Most football helmets currently in use do little if anything to protect brains from the forces that cause concussions, a fact that most parents and athletes don't know. An estimated half of all football helmets in use at the high school level have either been improperly reconditioned, have foam padding that has degraded over time, or fit poorly. Only about one in five helmets is new.
Technological advances in helmet design, while they are not going to make concussions in football a thing of the past, hold out at least the promise of being able to significantly reduce the number of concussions.
The seventh right of parents under the Parent's Concussion Bill of Rights is therefore the right to know that the helmet their child is using is safe:
- Parents need to be provided information about the new helmets.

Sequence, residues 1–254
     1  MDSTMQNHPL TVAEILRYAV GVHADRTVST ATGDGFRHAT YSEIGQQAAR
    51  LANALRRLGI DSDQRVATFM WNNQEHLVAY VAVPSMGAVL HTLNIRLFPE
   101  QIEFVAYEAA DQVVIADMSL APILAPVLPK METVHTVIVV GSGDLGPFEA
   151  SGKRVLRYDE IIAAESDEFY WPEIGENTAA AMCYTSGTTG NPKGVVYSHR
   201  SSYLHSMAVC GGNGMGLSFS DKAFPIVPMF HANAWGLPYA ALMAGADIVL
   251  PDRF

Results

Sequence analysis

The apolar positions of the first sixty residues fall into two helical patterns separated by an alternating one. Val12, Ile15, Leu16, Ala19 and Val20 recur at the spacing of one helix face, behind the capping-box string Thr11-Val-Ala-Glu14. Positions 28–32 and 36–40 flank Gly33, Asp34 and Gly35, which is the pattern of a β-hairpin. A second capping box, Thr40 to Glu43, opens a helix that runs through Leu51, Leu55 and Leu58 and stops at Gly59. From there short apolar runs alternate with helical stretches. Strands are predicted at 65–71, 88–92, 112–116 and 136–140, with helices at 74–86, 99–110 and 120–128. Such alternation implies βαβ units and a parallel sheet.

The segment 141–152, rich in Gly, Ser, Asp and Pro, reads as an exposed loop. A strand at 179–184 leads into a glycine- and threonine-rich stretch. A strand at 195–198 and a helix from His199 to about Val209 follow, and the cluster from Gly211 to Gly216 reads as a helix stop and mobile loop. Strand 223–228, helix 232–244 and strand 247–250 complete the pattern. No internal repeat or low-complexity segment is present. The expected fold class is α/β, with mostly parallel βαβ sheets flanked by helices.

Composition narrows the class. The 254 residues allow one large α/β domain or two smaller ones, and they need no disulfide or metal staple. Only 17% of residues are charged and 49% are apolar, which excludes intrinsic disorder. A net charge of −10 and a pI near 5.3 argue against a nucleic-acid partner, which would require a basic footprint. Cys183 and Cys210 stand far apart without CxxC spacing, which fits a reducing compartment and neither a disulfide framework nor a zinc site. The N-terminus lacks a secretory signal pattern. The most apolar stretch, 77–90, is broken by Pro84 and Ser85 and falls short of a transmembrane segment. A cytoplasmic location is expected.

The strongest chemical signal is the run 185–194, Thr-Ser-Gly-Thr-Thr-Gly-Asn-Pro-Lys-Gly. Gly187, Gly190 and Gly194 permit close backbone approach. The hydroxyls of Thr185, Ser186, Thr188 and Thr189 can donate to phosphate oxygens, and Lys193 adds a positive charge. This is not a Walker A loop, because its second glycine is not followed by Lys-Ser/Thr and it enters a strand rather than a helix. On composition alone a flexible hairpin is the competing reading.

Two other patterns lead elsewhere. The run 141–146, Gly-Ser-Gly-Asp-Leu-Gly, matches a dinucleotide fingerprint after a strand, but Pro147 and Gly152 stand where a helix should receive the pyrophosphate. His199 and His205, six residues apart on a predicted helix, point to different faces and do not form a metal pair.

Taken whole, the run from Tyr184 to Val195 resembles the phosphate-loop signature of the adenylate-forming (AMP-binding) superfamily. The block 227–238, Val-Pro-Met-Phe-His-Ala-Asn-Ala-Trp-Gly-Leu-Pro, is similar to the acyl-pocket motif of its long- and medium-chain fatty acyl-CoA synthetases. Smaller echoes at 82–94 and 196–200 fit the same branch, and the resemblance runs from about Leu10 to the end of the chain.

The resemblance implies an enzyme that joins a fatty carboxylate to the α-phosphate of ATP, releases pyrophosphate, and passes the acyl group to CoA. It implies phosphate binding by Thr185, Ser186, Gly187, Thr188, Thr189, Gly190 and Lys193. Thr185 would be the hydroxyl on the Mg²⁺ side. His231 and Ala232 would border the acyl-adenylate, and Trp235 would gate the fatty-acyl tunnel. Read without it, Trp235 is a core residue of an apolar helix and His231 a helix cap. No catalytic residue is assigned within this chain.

- They need to know that their child's football program thinks enough about their safety that it will find the money to buy them;
- Parents need to know that if the program can't find the money, they will have the option of buying them on their own at the least possible cost (such as through Internet "power buys") or getting together with other parents to raise the money necessary to buy every player his own advanced helmet.
- Programs need to make sure that used helmets are properly reconditioned every one to three years.
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